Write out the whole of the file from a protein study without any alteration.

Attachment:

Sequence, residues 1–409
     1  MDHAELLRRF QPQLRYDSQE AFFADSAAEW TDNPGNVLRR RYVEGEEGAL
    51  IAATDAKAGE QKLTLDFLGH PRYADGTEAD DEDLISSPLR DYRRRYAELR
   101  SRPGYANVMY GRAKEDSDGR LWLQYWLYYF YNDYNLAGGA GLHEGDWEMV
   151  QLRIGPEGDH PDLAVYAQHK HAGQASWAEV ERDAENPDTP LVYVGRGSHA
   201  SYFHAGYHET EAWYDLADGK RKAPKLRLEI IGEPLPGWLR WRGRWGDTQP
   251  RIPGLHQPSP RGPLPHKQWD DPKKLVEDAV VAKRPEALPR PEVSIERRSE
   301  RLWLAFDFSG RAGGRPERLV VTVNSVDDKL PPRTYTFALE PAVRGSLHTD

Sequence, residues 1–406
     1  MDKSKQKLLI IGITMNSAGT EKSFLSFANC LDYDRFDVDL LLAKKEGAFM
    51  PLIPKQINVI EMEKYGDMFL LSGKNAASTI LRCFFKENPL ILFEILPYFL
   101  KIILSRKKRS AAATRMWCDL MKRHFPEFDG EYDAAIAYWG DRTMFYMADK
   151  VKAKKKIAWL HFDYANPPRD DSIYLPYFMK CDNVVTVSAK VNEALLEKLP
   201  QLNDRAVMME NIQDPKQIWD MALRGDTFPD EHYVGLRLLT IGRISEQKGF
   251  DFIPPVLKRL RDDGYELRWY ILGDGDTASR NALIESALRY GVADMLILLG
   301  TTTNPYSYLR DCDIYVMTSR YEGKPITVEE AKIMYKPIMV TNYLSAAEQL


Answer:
Sequence, residues 1–409
     1  MDHAELLRRF QPQLRYDSQE AFFADSAAEW TDNPGNVLRR RYVEGEEGAL
    51  IAATDAKAGE QKLTLDFLGH PRYADGTEAD DEDLISSPLR DYRRRYAELR
   101  SRPGYANVMY GRAKEDSDGR LWLQYWLYYF YNDYNLAGGA GLHEGDWEMV
   151  QLRIGPEGDH PDLAVYAQHK HAGQASWAEV ERDAENPDTP LVYVGRGSHA
   201  SYFHAGYHET EAWYDLADGK RKAPKLRLEI IGEPLPGWLR WRGRWGDTQP
   251  RIPGLHQPSP RGPLPHKQWD DPKKLVEDAV VAKRPEALPR PEVSIERRSE
   301  RLWLAFDFSG RAGGRPERLV VTVNSVDDKL PPRTYTFALE PAVRGSLHTD

Sequence, residues 1–406
     1  MDKSKQKLLI IGITMNSAGT EKSFLSFANC LDYDRFDVDL LLAKKEGAFM
    51  PLIPKQINVI EMEKYGDMFL LSGKNAASTI LRCFFKENPL ILFEILPYFL
   101  KIILSRKKRS AAATRMWCDL MKRHFPEFDG EYDAAIAYWG DRTMFYMADK
   151  VKAKKKIAWL HFDYANPPRD DSIYLPYFMK CDNVVTVSAK VNEALLEKLP
   201  QLNDRAVMME NIQDPKQIWD MALRGDTFPD EHYVGLRLLT IGRISEQKGF
   251  DFIPPVLKRL RDDGYELRWY ILGDGDTASR NALIESALRY GVADMLILLG
   301  TTTNPYSYLR DCDIYVMTSR YEGKPITVEE AKIMYKPIMV TNYLSAAEQL